Aquaponics is a great way to grow nutritious, organic foods. It is a system of growing plants with no soil but using fish waste instead to provide all the nutrients they need. These systems are used with great effect in large-scale industrial food production, but the advantages of the process can be used on smaller scales for home use as well.
How Aquaponics Works
Aquaponics is a method to cultivate both crops of food and fish in a controlled environment. Fish live in tanks, and the plants grow without the need for soil, or hydroponically. They are placed in beds, and their roots are made to stick down into a tub of water. The process works because of the waste that is produced by the fish. As it builds up in their tank, the water become poisonous to them. However, the waste is nourishment for the plants. So, the waste water created by the fish is funneled to the tubs where the plant roots collect all its nutrients and filter the water. This clean water, in turn, is funneled back into the fish tank.
Benefits of Aquaponics
Aquaponics provides many benefits when compared to traditional ways of farming both fish and plants. The biggest benefit for home use is that it removes all chemicals and fertilizers from the process of growing plants. The fish waste acts a kind of natural fertilizer. This means that the food produced in this manner is wholly organic. Another benefit is that it saves water. Instead of spraying water onto a garden, it is recycled in the tank. Finally, these aquaponics systems can be built and set up anywhere. Building them in a backyard will require a bit of effort, but it can be done. Both of these benefits have the bonus of reducing costs.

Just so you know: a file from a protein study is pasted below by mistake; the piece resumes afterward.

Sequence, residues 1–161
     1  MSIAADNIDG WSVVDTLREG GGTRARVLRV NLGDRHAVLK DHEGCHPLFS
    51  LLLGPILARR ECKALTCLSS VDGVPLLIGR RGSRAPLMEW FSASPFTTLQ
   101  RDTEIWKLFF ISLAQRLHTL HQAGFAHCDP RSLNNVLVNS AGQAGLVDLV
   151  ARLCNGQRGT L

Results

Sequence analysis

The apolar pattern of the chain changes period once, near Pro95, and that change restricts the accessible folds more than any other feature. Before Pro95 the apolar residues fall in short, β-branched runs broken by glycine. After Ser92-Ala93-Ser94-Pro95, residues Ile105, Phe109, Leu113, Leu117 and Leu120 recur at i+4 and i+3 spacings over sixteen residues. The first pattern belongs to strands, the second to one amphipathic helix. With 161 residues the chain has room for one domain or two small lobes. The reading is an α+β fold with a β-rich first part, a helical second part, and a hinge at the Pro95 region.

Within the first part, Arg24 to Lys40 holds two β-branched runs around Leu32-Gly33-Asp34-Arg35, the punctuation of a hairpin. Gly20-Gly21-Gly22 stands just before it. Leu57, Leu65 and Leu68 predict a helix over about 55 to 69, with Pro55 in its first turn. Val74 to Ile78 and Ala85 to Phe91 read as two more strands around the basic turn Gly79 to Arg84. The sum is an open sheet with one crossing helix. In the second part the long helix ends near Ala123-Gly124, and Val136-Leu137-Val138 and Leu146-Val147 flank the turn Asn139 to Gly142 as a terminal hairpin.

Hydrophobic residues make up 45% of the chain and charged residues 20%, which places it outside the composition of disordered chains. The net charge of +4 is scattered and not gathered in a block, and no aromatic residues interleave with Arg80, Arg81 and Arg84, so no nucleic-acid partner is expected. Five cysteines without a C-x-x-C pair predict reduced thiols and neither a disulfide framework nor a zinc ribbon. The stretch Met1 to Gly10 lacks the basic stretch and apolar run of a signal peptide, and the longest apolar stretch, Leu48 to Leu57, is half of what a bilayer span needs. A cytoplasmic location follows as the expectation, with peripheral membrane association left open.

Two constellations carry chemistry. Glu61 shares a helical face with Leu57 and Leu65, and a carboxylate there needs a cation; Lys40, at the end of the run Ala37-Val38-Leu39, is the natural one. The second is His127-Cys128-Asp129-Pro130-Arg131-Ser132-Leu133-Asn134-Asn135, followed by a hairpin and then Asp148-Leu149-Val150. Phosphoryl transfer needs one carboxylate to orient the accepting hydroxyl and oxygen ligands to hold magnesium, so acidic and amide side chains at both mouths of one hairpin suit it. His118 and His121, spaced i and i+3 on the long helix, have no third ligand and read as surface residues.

The basic requirements for an aquaponics system are fish, plants and water. Many kinds of fish have been used in these systems with success. These species include cod, trout, bass and perch. However, the fish that seems to thrive the best is tilapia. They are more tolerant of changes that can occur in the system. Combined with their high demand, this makes them an almost perfect choice for the system.
Many kinds of plants also thrive in this environment. However, the type of plants will work best in an individual system depends on the number of fish and the amount of waste they create. Leafy green plants like lettuce, spinach or herbs work well most of the time. More substantial plants that yield fruit grow well, but they may require a well stocked and established system to grow their best. Root plants like potatoes or carrots don’t respond well to these systems. They grow, but they are often deformed and hard to harvest.
It is necessary to keep a close monitor on the quality of the water within a system. The pH of the water, along with the amounts of dissolved materials, can have a huge impact on the health of the fish. These values can also change quickly. Keeping a close eye on them is important.
Aquaponics at Home
Just a few components are needed to build an aquaponics system at home. A tank is needed to hold the fish, and a grow bed is needed to for the plants. A type of rock called red scoria is often used as a grow bed. Washing it to make sure it is free from anomia is important. An efficient water pump is necessary to move the water from the fish tank to the plants. Tubing is also needed to connect the tank and grow bed. To keep the water at a consistent temperature, normally in the range of 70 to 86 degrees Fahrenheit, an aquatic heater is required. Clay or gravel is normally used as a surface to rest the plants on. These materials support the plant and also help filter the water. Finally, a testing kit is required to measure the pH of the water.
These basics give a good overview what aquaponics is, how it works and the benefits and requirements of building a system at home. Learning more about the specifics of the process will help determine the types of plants, fish and materials or methods that would best suite an individual’s needs.